The Two Faces of Diebold

In-depth Report:

Stunning Document Surfaces to Show That America’s #1 Voting Machine Manufacturer Hides Security and Operation Flaws from The State of Maryland and the Country

In September, 2003 Linda Lamone, the Administrator of Maryland’s State Board of Elections and President of the National Association of State Election Directors (NASED) hands over a critical study on the security of the Diebold Election Systems machines that count all of Maryland’s votes.

Between the time that the State of Maryland commissioned the highly respected Scientific Applications International Corporation (SAIC) to evaluate the effectiveness and security of their electronic voting machines and the time that the study is made public, critical pieces of information have been edited, omitted and, in some cases words added, to fundamentally alter the original meaning of the report’s conclusions.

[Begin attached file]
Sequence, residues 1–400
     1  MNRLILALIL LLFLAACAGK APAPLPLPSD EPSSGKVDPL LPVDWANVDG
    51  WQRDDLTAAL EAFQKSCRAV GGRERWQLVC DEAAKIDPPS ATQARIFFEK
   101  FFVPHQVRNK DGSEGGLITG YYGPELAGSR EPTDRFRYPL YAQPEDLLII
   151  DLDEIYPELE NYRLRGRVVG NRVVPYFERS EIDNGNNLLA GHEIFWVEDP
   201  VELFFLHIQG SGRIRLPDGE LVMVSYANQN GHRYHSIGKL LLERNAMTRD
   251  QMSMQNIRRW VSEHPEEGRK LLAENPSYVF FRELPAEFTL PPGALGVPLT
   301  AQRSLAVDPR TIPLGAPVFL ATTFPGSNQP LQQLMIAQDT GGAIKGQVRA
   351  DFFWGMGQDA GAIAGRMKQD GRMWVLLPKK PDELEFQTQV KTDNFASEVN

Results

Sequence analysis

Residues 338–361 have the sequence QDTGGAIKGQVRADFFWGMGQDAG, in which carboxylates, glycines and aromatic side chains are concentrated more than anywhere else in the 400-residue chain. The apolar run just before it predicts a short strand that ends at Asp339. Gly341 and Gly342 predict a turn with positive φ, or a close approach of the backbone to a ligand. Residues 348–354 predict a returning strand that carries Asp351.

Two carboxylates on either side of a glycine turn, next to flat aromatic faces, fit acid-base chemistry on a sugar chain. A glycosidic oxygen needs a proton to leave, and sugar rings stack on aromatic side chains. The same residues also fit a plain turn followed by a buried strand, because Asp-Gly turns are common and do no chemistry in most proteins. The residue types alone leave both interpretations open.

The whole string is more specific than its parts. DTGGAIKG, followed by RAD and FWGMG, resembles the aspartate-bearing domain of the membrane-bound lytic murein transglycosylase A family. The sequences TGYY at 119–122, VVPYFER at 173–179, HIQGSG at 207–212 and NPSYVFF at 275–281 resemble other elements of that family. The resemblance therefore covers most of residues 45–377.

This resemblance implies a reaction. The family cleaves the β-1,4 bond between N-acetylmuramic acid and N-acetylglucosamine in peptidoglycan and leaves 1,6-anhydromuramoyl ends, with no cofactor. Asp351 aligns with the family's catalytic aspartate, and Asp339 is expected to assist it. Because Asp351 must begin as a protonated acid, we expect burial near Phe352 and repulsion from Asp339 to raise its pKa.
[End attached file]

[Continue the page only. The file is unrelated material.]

Enter the world of electronic voting machines, the “cure” to hanging and dimpled chad.

It is a seamy world of secrecy, proprietary software, partisan executives “committed to helping Ohio deliver its electoral votes to the President”, politicians asking programmers to design software to flip vote totals, and lots and lots of money.

And it is a world of completely inconsistent realities. Diebold and the other manufacturers insist that their machines are safe and secure yet every single cyber security expert and computer scientist has, for years, been screaming into an empty wilderness of media attention, that . . .

The machines can be hacked, by the implanting of malicious code, at the factory.

The machines can be hacked during transport from the factory.

The machines can be hacked while on “Sleepovers” before the election.

The machines can be hacked (in 1 minute with a .50cent mini bar key) during the election, and

These machines can be hacked, at the tabulator, after the election.

What makes this SAIC report, called “The Pentagon Papers of Electronic Voting” by some computer experts, so important is that:

1. It shows, in black and white, that what Diebold says to election officials and voters across the country is not the truth.

2. It shows that there are virtually no security protocols in place for certain Diebold machines and that the recommended security protocols were purposely removed.

3. It shows that the analyzed Diebold machines were not functional nor secure for use in elections and raises serious doubts that they are ready for the November 7, 2006 Midterm elections.